Reading for the Weekend -Admiral de Grasse

Admiral de GrasseNow, time to dive into my primary interest and have a look at Admidal de Grasse and American Independence by Charles Lee Lewis (eISBN: 978-1-61251-473-4). As I am not really reading French, biographies about French navy, revolutionary or Napoleonic era appears to be rather thin and one would wish that some French books would be translated to english – for example about Suffren.

So, in that respect, Admiral de Grasse was somewhat pleasant surprise, albeit the book has certain distinct tone – de Grasse is by no doubt hero for American independence but the treatment of his life in the book is perhaps stressing the fact perhaps a bit too much. Of course, British admirals and generals receive similar treatment in British literature and when reading British biographies it makes one wonder at times how inept the British were when they were defeated if French had so little vigor and enterprise, and if they so readily surrendered at sight of British flag.

So, it is refreshing to read a book that does shed some light to the French navy, when it is operating well. It is true that French navy was, especially during Napoleonic era in quite poor state. During Revolutionary wars however, French were very close, and at times exceeding the British. Suffren tactically beat British squadrons multiple times in the Indian Ocean, but failed to achieve anything durable. De Grasse on the other hand had a brilliant career, but overwhelmed in the Saintes tarnished his reputation for the rest of his life. It seems that only historians remember that he too, like much celebrated Suffren did indeed beat the great British admirals at high seas but with a distinct difference. Victory obtained by de Grasse had overwhelming consequences. British failure to relieve Cornwallis cornered in Yorktown spelled the end for American War of Independence and with it a came to British bit more than minor territorial concessions.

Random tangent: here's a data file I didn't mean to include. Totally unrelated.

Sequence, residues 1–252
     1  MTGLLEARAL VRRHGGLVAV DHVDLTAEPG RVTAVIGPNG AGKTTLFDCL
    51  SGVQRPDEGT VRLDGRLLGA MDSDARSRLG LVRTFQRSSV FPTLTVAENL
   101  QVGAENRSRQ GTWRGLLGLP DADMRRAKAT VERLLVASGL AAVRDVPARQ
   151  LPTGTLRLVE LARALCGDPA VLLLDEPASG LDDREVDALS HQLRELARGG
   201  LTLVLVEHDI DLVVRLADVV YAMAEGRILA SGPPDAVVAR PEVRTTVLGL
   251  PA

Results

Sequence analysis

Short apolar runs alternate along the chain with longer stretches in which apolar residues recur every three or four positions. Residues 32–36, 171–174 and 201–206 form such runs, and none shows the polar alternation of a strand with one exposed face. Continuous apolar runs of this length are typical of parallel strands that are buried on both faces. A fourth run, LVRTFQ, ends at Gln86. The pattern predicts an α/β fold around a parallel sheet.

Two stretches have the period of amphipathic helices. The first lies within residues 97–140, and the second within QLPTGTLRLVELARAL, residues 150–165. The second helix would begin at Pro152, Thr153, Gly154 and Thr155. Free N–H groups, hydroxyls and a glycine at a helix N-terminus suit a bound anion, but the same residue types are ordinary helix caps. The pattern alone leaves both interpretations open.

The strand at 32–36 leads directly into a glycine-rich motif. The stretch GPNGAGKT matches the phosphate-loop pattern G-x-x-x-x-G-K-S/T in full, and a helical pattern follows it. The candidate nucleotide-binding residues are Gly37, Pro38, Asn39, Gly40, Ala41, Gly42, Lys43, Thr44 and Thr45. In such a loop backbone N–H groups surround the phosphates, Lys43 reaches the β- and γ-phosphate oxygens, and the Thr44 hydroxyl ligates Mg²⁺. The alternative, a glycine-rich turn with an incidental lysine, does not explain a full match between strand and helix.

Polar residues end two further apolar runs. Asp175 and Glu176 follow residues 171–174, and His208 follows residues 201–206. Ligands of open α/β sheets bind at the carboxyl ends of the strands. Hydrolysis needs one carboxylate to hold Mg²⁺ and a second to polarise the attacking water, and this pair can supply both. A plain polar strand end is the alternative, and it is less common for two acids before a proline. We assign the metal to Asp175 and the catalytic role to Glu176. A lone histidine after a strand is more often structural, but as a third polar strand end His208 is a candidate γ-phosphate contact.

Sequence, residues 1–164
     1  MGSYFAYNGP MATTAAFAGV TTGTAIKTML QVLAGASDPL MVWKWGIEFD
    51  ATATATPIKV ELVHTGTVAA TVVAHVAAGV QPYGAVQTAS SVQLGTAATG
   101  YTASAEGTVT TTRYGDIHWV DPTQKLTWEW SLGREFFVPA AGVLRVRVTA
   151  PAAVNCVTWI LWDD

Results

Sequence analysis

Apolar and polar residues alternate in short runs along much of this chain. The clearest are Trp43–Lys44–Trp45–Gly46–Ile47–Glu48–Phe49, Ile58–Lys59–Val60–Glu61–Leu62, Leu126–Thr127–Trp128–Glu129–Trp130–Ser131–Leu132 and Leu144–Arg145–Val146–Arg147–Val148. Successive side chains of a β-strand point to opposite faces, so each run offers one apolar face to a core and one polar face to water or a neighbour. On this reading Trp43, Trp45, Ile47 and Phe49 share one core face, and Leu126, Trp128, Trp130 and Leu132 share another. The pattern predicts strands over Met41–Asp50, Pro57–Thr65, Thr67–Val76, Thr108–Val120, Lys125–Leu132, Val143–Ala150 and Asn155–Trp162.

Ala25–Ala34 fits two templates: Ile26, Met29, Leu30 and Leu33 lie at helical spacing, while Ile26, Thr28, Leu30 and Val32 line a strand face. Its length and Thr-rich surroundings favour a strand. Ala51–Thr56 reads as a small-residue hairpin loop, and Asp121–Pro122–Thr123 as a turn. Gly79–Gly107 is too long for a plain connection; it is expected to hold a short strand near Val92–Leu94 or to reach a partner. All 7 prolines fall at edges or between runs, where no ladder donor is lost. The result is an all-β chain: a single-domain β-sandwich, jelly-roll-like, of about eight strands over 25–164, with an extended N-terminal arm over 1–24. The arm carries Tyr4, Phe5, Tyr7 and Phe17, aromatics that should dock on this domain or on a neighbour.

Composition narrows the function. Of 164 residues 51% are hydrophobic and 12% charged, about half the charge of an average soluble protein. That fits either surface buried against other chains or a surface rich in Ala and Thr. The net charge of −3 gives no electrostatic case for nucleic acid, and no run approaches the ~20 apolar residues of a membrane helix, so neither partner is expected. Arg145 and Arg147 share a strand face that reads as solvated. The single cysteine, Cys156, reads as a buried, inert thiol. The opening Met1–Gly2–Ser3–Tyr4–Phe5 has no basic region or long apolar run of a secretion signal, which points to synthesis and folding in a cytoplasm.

Book covers very well the French naval doctrines, the tactics and the battles that de Grasse took part. In all, it is very pleasurable read and would like more authors to follow the suite. Information content is very good without bogging the story down. I would really recommend the book for anyone that is bored with the one sidedness of the english literature. While it may be a tad bit toned towards French excellence, it does serve as a good counterweight and may also help understanding why certain battles needed in a way they did for French. British and French may not have followed the same rules of combat, and the goals may not have been same.

For French Bourbon King, victory in the American War of Independence brought another plight. French revolution took foothold precisely because the victory in Americas, and by no doubt did the notable families realize that their days were numbered and that they were soon to be in queue for guillotine. In the same frenzied revolutionary fever that Napoleon was forged, did the good, well performing French navy die – for the man of artillery had no need for navy. Admiral de Grasse, the unknowing instigator, died just short of the French revolution.


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